constitutional rights; foreign nations
Professor Wuerth’s article is a significant piece of scholarship. This brief comment is devoted, not to the article’s many strengths, but to its principal doctrinal conclusion, with which I disagree. In my view, the Due Process Clause of the Fifth Amendment allows Congress to provide any rules it chooses regarding service of process on and personal jurisdiction over foreign sovereigns. That is true, at least, insofar as the judgments of U.S. courts are to be enforced against foreign sovereign assets located in the United States. The rules about personal jurisdiction over foreign sovereigns in the Foreign Sovereign Immunities Act therefore are consistent with the Fifth Amendment. The statement that foreign sovereigns are not persons within the meaning of the Amendment may not be strictly correct, but it captures the substance of the rules regarding their status as parties in U.S. courts.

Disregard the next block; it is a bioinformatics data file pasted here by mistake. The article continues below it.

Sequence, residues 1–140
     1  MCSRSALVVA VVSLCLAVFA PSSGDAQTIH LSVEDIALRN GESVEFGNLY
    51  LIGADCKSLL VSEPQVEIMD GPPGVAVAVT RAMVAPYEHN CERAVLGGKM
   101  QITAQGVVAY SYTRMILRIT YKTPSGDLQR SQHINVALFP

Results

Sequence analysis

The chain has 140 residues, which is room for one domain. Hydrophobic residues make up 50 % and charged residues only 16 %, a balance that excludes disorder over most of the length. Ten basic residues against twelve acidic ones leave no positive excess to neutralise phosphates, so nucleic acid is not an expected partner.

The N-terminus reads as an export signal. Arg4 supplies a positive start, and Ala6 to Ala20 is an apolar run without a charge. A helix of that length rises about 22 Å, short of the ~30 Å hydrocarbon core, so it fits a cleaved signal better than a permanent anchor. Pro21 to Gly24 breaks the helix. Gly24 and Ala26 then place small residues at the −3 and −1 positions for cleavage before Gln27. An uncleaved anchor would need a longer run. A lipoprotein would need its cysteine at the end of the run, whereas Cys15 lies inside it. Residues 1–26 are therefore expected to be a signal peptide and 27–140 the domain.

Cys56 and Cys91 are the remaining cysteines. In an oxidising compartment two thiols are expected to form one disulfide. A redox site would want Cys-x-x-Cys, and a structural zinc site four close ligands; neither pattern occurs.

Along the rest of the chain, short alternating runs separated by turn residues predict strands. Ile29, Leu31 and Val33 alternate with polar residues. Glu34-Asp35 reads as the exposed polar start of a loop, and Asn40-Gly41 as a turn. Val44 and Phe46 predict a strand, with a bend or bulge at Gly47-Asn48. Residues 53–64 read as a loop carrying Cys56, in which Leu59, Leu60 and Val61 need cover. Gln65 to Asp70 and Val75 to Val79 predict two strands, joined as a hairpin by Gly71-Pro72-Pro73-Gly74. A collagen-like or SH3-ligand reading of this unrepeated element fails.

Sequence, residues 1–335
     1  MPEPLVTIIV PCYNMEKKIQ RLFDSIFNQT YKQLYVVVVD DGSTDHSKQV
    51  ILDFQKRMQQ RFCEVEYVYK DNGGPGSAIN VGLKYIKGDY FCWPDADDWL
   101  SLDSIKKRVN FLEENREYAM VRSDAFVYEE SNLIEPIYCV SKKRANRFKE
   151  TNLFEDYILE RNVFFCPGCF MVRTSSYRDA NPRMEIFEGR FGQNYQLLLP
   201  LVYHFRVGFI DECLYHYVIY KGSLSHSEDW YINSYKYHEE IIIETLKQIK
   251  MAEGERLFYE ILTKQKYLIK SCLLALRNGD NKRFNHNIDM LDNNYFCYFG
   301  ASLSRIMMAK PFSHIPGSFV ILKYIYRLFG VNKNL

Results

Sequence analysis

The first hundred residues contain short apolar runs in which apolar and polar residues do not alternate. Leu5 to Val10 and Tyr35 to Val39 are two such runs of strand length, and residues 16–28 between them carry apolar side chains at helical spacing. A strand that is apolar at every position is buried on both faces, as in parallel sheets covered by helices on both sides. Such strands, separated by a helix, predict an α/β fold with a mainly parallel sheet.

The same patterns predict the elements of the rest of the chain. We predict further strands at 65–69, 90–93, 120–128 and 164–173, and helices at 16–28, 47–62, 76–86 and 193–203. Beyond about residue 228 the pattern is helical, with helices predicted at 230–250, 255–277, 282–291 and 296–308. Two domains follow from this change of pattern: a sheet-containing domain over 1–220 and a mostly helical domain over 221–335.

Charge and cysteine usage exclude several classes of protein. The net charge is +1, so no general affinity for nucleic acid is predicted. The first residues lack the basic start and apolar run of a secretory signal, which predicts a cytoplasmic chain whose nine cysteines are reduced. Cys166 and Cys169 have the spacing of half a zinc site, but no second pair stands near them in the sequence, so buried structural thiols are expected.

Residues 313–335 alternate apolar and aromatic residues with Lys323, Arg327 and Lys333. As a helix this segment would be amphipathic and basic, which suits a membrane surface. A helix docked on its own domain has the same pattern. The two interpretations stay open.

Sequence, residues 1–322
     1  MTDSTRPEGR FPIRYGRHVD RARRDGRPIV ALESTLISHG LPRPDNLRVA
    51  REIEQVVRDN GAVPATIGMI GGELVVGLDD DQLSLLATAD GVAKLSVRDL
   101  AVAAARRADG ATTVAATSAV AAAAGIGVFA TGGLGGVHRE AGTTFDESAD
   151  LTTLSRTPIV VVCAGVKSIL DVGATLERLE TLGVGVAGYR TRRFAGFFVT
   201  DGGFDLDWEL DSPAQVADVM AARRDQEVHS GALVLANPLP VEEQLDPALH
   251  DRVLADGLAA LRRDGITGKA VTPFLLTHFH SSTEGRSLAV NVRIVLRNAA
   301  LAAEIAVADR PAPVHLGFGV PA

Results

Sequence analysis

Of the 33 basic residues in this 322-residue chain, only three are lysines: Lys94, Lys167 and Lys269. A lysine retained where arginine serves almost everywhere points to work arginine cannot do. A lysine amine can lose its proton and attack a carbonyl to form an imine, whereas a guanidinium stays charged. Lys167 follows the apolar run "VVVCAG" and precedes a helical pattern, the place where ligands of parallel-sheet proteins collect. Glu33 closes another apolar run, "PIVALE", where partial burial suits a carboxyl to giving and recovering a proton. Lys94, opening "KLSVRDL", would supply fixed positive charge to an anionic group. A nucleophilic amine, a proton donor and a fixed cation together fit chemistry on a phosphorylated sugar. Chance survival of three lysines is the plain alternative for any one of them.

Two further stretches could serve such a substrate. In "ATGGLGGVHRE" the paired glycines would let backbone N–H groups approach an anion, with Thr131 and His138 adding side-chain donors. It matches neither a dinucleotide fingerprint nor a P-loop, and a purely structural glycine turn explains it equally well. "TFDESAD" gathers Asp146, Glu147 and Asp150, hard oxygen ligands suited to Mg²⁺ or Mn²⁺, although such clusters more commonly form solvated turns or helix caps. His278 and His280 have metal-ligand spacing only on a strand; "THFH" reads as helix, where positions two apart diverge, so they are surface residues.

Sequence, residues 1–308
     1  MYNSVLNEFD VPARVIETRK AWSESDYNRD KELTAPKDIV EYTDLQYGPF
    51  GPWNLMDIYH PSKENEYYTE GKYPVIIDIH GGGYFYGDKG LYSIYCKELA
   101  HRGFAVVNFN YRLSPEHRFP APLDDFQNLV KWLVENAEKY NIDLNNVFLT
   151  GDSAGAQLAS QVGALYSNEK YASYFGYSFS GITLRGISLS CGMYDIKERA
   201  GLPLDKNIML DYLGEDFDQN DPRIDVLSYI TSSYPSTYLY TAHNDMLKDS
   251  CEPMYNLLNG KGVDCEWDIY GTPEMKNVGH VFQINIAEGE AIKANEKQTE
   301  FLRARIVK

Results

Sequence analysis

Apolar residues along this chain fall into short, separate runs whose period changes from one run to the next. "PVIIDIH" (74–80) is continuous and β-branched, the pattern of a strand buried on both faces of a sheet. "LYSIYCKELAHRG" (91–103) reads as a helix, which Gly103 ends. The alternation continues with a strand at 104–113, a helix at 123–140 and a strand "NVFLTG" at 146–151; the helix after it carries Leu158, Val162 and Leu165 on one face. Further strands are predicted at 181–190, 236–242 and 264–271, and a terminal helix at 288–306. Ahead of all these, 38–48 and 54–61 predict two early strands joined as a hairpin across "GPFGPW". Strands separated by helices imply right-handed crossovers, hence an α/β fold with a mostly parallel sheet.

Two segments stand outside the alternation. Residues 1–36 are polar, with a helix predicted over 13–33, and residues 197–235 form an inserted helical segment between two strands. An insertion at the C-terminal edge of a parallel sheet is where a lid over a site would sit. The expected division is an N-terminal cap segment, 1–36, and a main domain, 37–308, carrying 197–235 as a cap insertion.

Novel Perspectives on Due Process Symposium: The Rights of Foreign States in the Unites States Legal System,
88 Fordham L. Rev.
Available at: https://ir.lawnet.fordham.edu/flro/vol88/iss1/11